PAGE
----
Magnetic focusing device for cathode ray tubes
||Magnetic focusing device for cathode ray tubes
||Roussel, et al.
||March 14, 1995
||November 9, 1992
||Perreaut; Jean M. (Dijon, FR)
Roussel; Bruno F. (Genlis, FR)
||Thomson Tubes and Displays, S.A. (Paris, FR)|
||Issing; Gregory C.
|Attorney Or Agent:
||Tripoli; Joseph S.Laks; Joseph J.Fried; Harvey D.
|Field Of Search:
||315/382; 315/399; 335/210; 335/212; 335/213; 250/396ML; 313/442; 313/443
|U.S Patent Documents:
|Foreign Patent Documents:
||A magnetic focusing device is disposed around the neck of a cathode ray tube. The device comprises a magnetic frame formed by constituent pieces having different magnetic permeabilities and having a gap in a portion thereof radially closest to the neck. A static focusing coil is enclosed in the frame and energized by a direct current. A dynamic focusing coil is energized by a periodically variable current and disposed between the static coil and the neck of the tube. The dynamic focusing coil is disposed near the gap and uses as a magnetic circuit the portion of the frame consisting of the material whose imaginary component of magnetic permeability is the lowest.
||What is claimed is:
1. A magnetic focusing device adapted for mounting around the neck of a cathode ray tube, comprising:
a static focusing coil energized by a direct current:
a magnetic frame enclosing said static focusing coil and formed of pieces, a first one of said pieces having a magnetic permeability higher than in any other piece of said frame, said first one of said pieces having a first surface facing saidstatic focusing coil, a second surface facing said neck and a third surface forming one side of a gap in said frame facing said neck;
a dynamic focusing coil energized by a periodically variable current and disposed radially inwardly of said static focusing coil, between said second surface of said first one of said pieces and said neck of said tube.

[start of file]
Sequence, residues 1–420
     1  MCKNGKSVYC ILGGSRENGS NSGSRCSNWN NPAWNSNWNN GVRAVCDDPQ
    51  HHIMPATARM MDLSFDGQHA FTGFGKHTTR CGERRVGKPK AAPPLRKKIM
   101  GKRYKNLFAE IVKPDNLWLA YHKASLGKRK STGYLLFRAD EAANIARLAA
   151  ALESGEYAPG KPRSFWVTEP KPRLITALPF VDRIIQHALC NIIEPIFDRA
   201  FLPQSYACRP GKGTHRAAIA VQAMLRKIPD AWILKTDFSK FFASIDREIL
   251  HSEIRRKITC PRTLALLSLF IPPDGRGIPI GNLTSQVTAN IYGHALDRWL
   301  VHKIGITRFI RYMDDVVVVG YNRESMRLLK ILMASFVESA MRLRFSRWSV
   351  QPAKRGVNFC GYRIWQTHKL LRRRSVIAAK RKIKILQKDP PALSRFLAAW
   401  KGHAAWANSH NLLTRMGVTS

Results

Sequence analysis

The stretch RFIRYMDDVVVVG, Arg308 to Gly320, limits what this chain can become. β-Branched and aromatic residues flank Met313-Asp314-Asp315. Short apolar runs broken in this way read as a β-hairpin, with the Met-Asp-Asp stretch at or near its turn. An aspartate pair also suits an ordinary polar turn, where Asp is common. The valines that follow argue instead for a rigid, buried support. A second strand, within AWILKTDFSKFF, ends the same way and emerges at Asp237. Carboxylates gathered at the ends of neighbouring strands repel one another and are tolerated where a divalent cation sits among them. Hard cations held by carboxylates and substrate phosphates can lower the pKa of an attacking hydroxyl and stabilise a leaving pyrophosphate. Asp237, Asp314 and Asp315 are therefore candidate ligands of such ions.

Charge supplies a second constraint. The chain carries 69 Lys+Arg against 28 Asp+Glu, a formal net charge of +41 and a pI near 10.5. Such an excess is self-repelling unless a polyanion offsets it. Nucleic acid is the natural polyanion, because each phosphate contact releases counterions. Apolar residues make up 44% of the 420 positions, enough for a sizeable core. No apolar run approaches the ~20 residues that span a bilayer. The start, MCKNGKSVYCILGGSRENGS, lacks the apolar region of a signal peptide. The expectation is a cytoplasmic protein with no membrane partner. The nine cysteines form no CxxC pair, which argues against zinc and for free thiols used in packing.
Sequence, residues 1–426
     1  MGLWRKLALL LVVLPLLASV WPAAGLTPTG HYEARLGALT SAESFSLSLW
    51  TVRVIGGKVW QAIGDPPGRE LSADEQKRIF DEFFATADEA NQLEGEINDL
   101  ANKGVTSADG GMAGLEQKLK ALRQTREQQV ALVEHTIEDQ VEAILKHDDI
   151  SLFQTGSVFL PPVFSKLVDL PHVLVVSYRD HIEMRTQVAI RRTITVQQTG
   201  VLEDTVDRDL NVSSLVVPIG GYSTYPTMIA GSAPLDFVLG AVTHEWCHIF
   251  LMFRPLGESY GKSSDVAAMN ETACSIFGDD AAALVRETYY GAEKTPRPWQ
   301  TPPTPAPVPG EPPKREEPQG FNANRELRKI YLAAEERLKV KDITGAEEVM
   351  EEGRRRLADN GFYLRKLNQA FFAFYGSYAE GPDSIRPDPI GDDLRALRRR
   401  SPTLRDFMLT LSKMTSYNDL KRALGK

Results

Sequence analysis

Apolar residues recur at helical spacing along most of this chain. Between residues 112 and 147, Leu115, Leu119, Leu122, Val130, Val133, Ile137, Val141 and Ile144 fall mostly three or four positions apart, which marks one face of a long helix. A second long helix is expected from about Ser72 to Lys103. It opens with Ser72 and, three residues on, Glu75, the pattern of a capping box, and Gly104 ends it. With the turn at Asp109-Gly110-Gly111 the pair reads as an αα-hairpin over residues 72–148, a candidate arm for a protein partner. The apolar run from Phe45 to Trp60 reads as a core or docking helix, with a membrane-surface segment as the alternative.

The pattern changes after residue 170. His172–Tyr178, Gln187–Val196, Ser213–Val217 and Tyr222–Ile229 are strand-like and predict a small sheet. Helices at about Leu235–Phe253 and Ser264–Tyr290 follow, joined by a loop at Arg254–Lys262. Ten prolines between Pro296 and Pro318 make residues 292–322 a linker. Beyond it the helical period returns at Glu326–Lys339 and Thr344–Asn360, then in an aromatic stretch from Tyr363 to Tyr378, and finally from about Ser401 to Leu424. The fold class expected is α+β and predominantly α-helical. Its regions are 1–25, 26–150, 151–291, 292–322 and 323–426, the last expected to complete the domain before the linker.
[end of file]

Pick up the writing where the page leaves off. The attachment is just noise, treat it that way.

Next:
2. A device according to claim 1, wherein a second one of said pieces of said frame, having a lower magnetic permeability than said first one of said pieces, forms another side of said gap.
3. A device according to claim 1, wherein said dynamic focusing coil is disposed near said gap of said magnetic frame enclosing said static coil.
4. A device according to claim 1, wherein a magnetic field created by said dynamic focusing coil uses said first one of said pieces of said frame as a magnetic circuit.
5. A device according to claim 1, wherein said first one of said pieces of said frame is formed as a crown centered on the main axis of said tube and disposed in a plane perpendicular to the main axis.
6. A device according to claim 1, wherein said first one of said pieces of said frame is formed as a cylindrical tube whose transverse axis coincides with the main axis of said tube.
7. A device according to claim 1, wherein said first one of said pieces of said frame is ferrite and all other pieces of said frame are soft iron.
8. A device according to claim 1, wherein said first one of said pieces of said frame has a resistivity of at least approximately 1 ohm/cm.
9. A device according to claim 1, in combination with said cathode ray tube.
10. A magnetic focusing device adapted for mounting around the neck of a cathode ray tube having a main axis, comprising:
a magnetic frame having a gap in a portion thereof radially closest to the neck;
a static focusing coil enclosed in said magnetic frame and creating a first focusing field in a first zone of action along said main axis of said tube when energized by a direct current, said first zone of action having a maximum field strengthat a point along said main axis;
a dynamic focusing coil disposed radially inwardly of said static coil and creating a second focusing field in a second zone of action along said main axis of said tube when energized by a variable current of a period equal to or higher thanapproximately 16 kHz; and,
said second zone of action of said second field created by said dynamic focusing coil substantially falling within said first zone of action, but being shifted along said main axis of said tube substantially to one side of said point of maximumfield strength of said first zone of action.
11. A device according to claim 10, in combination with said cathode ray tube.
12. A magnetic focusing device adapted for mounting around the neck of a cathode ray tube, comprising:
a static focusing coil for generating a static focus field when energized by a direct current;
a dynamic focusing coil disposed between said static focusing coil and said neck of said tube for generating a dynamic focus field when energized by a periodically variable current; and,
a magnetic circuit for said static focusing coil formed by a magnetic frame having pieces enclosing said static focusing coil except for an air gap, one of said pieces having a higher magnetic permeability than any other of said pieces and alsoforming a magnetic circuit for said dynamic focusing coil.
13. A device according to claim 12, wherein said one piece having said higher magnetic permeability forms one side of said air gap and another one of said pieces, having a lower magnetic permeability, forms the other side of said air gap.
14. A device according to claim 12, wherein said one piece of higher magnetic permeability is ferrite and said other pieces of said frame are soft iron.
15. A device according to claim 12, in combination with said cathode ray tube.